Forget football for a minute, and a certain game that won’t be as interesting as the commercials. Let me tell you about how super a week can get.
All you need is a tank of gas and a road map to some of the state’s basketball hotbeds.
Now you’ve got a one-way ticket to Hoopville. It’s that place that sports scribes try to go each night, and actually find a few times a year. A place where special things happen. Cool things. Hoop things.
And then, every once in a while, you seem to follow the magical road show from one end of the state to the other, and at the end of it all, you sit back and think, Did I actually see all this?
It was four days, six games, a couple of hot dogs here and there. Three blowouts, three nail-biters, and much, much more.
It was all hoop, all the time. And it was quite a ride.
Monday, Orono: The Orono High girls are good enough to bear mention on their own. They’re athletic, skilled, and the defending state Class B champs.
But sometimes the really good stuff happens when you’re not expecting it. When you might have made a trip to the bathroom. When you were going to grab a Coke.
In Hoopville, you don’t want to blink.
You might miss a 12-year-old kid winning himself 40 bucks by nailing a half-court halftime shot.
Or you might not be listening when people tell you that the kid’s name is Mike Thurston. He’s the son of another Mike Thurston, the guy everybody around these parts associates with half-court shots – he won a state title with one, back in ’69, dontcha know.
Deja vu in Hoopville.
Tuesday, Newman Gym, Bangor: The Husson men took care of business against UMaine-Farmington in the nightcap, but the real game was the opener, when Kissy Walker’s Husson women again proved that they are just good enough to play anyone tough, and just unlucky enough to lose all the close games in ways that make you shake your head until it hurts.
Katie Nye’s desperation drive ended with an offensive-foul call with three ticks left. Braves lose by two.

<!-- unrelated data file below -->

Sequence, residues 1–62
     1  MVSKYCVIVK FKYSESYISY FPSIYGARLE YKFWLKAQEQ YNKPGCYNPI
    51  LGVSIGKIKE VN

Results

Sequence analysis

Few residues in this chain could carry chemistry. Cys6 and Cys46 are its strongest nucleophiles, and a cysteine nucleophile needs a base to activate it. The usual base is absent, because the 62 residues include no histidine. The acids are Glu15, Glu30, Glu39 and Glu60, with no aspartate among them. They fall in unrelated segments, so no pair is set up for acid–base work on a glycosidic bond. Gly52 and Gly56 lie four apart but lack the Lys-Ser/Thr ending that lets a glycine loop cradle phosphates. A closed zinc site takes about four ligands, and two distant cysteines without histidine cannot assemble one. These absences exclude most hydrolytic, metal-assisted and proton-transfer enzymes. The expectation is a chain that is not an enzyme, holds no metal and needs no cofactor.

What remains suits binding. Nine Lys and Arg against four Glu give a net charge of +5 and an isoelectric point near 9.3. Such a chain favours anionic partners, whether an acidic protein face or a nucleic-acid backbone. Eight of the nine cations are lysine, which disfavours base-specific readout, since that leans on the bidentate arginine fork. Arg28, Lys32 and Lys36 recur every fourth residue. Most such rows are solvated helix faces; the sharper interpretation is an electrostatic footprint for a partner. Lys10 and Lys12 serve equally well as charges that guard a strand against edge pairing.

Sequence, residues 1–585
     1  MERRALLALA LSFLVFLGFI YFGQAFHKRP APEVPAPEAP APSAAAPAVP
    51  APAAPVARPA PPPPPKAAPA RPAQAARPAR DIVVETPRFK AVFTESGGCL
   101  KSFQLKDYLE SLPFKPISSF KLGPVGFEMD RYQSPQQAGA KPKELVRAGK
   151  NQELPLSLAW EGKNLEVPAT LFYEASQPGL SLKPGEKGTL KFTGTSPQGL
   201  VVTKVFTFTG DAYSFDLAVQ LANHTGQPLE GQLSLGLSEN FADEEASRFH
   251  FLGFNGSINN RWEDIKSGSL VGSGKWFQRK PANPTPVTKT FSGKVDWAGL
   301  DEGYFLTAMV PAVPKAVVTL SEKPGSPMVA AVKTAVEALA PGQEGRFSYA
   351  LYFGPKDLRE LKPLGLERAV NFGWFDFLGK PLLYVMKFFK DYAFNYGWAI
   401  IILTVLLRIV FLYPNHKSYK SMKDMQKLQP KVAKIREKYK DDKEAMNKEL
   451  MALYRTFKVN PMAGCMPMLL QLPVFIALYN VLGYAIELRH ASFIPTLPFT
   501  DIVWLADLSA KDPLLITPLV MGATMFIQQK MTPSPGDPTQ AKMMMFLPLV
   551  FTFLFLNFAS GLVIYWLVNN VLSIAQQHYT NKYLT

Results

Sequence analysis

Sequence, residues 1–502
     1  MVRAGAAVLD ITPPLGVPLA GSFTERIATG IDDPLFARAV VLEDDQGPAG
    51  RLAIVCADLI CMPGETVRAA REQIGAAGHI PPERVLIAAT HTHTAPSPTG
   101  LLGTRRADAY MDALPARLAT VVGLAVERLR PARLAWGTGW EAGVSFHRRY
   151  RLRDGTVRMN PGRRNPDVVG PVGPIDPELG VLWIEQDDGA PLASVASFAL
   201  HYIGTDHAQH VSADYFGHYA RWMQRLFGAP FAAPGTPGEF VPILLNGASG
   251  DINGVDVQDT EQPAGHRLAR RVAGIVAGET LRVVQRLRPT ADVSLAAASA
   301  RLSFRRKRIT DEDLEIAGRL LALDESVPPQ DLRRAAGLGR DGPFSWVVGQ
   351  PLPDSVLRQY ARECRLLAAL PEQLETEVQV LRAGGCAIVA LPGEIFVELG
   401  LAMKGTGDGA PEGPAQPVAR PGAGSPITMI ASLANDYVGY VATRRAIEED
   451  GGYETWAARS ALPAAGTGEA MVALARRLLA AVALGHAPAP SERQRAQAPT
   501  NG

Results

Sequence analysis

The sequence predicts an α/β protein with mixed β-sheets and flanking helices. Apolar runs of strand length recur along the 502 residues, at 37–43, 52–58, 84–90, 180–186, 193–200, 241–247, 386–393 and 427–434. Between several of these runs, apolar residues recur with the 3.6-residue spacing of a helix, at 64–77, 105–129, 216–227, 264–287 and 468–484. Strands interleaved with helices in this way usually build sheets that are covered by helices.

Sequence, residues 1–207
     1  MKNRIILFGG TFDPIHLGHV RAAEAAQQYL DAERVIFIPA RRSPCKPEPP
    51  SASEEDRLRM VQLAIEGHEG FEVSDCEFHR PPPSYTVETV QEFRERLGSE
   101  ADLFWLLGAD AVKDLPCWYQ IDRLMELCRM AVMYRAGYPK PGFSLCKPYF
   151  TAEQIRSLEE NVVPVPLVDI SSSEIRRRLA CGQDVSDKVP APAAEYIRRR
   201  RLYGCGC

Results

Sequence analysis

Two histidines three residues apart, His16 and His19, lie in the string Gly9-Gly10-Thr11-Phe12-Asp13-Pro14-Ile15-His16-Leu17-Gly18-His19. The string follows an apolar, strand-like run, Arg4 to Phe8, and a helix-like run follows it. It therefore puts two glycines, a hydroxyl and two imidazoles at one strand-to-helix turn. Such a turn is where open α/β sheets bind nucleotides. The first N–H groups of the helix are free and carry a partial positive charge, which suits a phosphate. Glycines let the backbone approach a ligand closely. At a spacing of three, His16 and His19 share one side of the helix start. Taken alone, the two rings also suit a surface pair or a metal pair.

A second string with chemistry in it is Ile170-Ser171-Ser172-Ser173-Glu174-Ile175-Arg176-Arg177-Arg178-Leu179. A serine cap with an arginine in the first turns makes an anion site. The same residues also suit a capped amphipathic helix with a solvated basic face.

Wednesday, Alfond Arena, Orono: Andy Bedard finally, really comes home.
When the Rumford kid came back from Boston College to play for State U, he was immediately popular. He scored 39 in his debut against mediocre Hampton.
But his sky-scraping, buzzer-beating Cat-killer against Vermont annointed him “hero” for the first time.
Forget the fact that Maine did nothing but stink up the joint for the opening 15 minutes. Bedard has made Maine legit.
Thursday, Bernard P. Currier Gymnasium, Standish: Take 1,000 people who hate your guts, pack ’em into your local K. of C. hall, and let everyone scream about your bloodlines, your haircut, and … oh, yeah … your hoop skills.
That’s what it’s like at the Chamber of Horrors at St. Joseph’s College.
For the final time, Husson and the Monks battled there.
Walker’s Braves lost another heartbreaker, and Husson’s men got a thumping. The Monks head off to celebrate. But wait.
At 11 p.m. – more than an hour after the last fans have left for the night – St. Joseph’s reserve Hiro Hirano walks in out of the snow and drops a duffel bag at midcourt.
He didn’t break a sweat in his 26-second stint. He unpacks a couple of balls and gets back to work. The week’s not done.
It’s just another night in Hoopville.
John Holyoke is a NEWS sportswriter.